Functional Contextualism

Functional Contextualism
The Matrix began as a PowerPoint (Keynote) slide show about Functional Contextualism (FC).

Root Metaphor

FC is the philosophy of science at the root of Acceptance and Commitment Therapy (ACT) and Relational Frame Theory (RFT).

All philosophies have a Root Metaphor, and the root metaphor for FC is "The act in context." Said another way...

We look at the Function of a behavior (Toward or Away) in the context (both sensory and mental) of the behavior.

Walking (behavior) on a beach while you are in a good mood is a context. Walking (behavior) on a city street in a bad mood is another context. You could of couse be walking on the beach in a bad mood and walking on the city street in a good mood. You and your behavior are part of the context.

Now let's turn that up a notch. From the Functional Contextual view your mood is also a behavior that is part of the context...

Walking and mooding on a beach are one context, and walking and mooding on a city street is another context.

We can shorten that more from the Functional Contextual view...

Being on a beach and being on a city street.

We can further shorten that to...


Predict and Influence with Precision, Scope and Depth

From a Functional Contextual view we are looking for what behaviors (being) works to move us toward values.

The Functional Contextual view goes further because it assumes that we are always trying to predict and influence. We are all interested in what we will do next, and we would like for our future behaviors to move us toward important social values.

Precision: A few words result in accurate prediction and maximum influence.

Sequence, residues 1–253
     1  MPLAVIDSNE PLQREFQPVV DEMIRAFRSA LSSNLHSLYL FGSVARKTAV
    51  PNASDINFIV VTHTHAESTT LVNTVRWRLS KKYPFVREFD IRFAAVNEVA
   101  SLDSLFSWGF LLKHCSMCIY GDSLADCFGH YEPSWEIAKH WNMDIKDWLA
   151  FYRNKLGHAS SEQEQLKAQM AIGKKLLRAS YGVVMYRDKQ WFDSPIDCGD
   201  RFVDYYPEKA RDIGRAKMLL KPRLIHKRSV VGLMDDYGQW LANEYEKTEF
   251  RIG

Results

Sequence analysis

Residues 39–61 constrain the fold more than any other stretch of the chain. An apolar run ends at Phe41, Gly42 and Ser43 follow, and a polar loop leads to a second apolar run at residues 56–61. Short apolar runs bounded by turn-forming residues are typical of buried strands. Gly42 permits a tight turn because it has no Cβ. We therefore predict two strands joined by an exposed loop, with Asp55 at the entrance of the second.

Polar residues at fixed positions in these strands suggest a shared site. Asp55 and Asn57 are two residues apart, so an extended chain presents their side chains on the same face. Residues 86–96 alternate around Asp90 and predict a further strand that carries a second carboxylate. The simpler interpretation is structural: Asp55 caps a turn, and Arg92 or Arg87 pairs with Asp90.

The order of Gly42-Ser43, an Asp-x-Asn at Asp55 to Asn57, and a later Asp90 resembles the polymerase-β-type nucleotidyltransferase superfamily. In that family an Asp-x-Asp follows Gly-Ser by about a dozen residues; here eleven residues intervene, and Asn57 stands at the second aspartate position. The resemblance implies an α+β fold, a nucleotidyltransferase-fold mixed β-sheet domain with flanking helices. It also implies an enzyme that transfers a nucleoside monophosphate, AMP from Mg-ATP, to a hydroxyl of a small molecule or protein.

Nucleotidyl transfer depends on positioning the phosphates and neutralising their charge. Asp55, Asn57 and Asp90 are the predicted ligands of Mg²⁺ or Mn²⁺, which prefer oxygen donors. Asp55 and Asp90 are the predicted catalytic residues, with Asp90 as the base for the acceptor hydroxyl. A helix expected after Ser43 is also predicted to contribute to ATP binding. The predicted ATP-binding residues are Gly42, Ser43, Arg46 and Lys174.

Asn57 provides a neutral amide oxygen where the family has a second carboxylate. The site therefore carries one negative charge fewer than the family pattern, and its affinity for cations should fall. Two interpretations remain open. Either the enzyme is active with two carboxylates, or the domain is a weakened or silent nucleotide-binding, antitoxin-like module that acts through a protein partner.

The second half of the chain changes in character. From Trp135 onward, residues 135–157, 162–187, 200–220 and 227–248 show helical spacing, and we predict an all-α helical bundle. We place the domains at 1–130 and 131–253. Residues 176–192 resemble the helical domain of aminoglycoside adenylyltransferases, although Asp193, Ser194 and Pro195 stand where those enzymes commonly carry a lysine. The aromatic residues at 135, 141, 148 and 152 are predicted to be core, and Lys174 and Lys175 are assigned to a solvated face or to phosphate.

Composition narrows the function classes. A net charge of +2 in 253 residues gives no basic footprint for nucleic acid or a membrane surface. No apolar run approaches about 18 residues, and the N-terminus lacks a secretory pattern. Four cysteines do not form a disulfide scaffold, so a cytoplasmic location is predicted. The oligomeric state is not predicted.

Scope: A few words apply to a broad range of contexts. For example, from beaches to city streets.)

Depth:  A few words apply to different levels of analysis. For example, we can look at individual and group behavior in the present (psychology and sociology) and behaviors of individuals and groups across time (anthropology).


The functional contextual analysis always returns to the question, "What works in context to move toward values?" Since the context is constantly changing because the universe is constantly changing, what works for values now might not work in the future. We need to constantly keep in touch with the present moment to track the context and test for workability.

Workability is important because it's a radically different analysis than most humans are used to doing. Humans are usually interested in right and wrong analyses, not workability.

Before we go further into Functional Contextualism, let's first take a brief look at a theory of language and cognition called Relational Frame Theory (RFT). RFT is based on Functional Contextualism, and a brief look at RFT will help us in our further discussion of functional contextualism.

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